Once in a while I use this forum for what it is meant to be – a blog on cancer, not just a running T.J. diary. In my opinion, blogs are useful because they are short thoughts about relevant information, usually with corresponding links. So without further ado, here is a small slice of what is going on in the cancer world and locally.
Remember how there are two versions of PD-1 out in trial? Merck and Bristol-Myers Squibb are competing to be the first company to market their drugs, and although Merck had clearly taken the lead to get pembrolizumab approved for metastatic melanoma, BMS’s nivolumab got its trade name and an earlier-than-expected market approval objective. This puts it nearly on pace with the Merck drug, and means there will likely be two drugs on the market before you start seeing Christmas stuff in Target (i.e. October). BMS was able to accelerate their pace, in part, because its Phase III trial of the drug was cut short when interim data showed the drug had clear benefit over chemotherapy. In this case, short equals good, and the control patients will now get the PD-1 antibody.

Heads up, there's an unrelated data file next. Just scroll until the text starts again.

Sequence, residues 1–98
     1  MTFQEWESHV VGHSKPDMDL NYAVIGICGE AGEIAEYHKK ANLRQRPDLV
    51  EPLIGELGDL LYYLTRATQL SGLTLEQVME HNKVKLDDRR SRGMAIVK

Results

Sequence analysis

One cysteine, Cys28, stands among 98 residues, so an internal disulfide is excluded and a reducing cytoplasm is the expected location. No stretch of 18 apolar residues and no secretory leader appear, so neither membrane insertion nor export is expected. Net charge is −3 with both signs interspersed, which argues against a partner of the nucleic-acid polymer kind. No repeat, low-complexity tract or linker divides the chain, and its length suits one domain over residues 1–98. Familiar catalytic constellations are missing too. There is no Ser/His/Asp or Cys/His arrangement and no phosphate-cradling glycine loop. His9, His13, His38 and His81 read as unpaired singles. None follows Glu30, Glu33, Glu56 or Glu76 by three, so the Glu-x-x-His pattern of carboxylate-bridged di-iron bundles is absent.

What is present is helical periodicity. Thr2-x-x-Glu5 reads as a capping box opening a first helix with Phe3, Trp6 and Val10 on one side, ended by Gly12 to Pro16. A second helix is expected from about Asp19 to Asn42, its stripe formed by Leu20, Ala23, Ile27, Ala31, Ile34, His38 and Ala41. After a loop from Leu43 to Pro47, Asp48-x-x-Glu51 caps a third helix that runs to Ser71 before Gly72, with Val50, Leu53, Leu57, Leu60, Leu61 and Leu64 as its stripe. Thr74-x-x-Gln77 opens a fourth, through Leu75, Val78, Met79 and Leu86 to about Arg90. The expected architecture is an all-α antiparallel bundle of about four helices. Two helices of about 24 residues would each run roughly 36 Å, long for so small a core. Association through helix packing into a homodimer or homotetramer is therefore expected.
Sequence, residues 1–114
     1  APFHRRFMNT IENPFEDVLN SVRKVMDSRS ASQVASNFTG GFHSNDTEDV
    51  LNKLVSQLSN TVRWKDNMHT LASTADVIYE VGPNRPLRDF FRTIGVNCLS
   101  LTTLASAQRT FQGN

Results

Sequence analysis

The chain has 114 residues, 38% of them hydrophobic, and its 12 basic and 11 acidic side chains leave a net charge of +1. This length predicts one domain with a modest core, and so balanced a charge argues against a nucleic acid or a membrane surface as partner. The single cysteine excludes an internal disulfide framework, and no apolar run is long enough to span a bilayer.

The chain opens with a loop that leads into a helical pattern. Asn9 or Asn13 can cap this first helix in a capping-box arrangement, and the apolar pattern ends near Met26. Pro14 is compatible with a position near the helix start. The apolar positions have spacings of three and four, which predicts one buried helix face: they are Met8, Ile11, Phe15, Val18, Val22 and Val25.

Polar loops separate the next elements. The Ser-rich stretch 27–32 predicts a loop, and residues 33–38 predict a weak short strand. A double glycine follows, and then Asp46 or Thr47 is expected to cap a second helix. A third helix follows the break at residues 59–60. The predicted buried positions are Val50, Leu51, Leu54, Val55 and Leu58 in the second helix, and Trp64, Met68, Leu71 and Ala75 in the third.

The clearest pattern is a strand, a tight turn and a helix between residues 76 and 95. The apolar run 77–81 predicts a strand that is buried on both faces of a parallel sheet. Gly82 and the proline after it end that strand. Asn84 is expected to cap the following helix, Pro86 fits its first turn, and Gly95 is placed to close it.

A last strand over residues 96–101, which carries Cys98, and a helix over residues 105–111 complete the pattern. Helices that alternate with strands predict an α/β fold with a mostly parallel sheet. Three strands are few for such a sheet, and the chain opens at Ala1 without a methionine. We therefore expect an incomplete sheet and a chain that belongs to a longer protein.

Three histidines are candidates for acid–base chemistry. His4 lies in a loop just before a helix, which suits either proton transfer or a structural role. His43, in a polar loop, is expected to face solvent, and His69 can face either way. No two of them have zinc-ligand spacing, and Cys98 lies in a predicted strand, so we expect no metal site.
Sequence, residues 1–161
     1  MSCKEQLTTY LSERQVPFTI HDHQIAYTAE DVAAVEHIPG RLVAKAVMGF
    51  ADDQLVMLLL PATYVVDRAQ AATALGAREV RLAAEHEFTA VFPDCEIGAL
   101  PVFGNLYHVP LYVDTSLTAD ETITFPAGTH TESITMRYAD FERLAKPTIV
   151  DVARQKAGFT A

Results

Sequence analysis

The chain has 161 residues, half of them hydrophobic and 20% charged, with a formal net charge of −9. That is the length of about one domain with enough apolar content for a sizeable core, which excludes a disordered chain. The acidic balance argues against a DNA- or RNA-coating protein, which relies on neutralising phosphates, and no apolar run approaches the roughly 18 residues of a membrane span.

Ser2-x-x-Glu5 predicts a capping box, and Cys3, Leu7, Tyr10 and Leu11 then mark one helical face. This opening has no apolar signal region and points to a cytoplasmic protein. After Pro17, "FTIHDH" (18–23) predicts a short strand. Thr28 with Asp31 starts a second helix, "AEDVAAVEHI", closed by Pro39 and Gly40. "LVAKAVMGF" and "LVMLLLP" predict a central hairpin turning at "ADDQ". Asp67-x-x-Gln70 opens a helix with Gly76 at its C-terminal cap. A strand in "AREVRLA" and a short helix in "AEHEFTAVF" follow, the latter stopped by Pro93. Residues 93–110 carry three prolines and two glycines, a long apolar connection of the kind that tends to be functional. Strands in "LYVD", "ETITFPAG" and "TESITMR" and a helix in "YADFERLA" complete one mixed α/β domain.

Check out this interesting quick read from a Jamaican news site – JAMAICA MON! – that speaks to a few lesser-known melanoma details, especially in regards to skin type. The risk is significantly less in non-Caucasians (although I could not verify the accuracy of their numbers), but the downside is those of Asian, Black, and Hispanic heritage tend to get diagnosed with later-stage melanomas. The survival rates and life expectancies plummet as the disease spreads – if Bob Marley can succumb to melanoma, then you and I can too. Darker-skinned friends, please don’t take it for granted that genetics will keep you safe from the sun (and no, “darker-skinned” does not mean my Italian friends who tanned on the beach all summer).
Speaking of sitting in the sun all summer, did you know that Washington State ranks among the highest incidents of melanoma in the nation, despite being one of the cloudiest states? That has serious implications, especially for sun exposure to children, according to this article from Spokane.